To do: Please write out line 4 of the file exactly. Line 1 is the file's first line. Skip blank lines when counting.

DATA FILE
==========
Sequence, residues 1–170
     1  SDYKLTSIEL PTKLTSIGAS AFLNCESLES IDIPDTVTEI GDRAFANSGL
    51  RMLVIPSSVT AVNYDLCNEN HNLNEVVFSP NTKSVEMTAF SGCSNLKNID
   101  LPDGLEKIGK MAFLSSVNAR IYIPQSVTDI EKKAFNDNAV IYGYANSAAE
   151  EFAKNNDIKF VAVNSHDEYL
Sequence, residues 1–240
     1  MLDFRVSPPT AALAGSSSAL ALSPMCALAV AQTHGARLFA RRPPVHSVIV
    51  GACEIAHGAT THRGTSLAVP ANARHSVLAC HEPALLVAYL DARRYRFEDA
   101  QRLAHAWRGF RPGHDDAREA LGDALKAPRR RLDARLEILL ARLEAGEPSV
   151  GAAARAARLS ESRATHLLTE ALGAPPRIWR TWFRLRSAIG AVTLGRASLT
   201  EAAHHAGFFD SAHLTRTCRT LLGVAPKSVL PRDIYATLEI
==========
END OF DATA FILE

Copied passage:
   101  LPDGLEKIGK MAFLSSVNAR IYIPQSVTDI EKKAFNDNAV IYGYANSAAE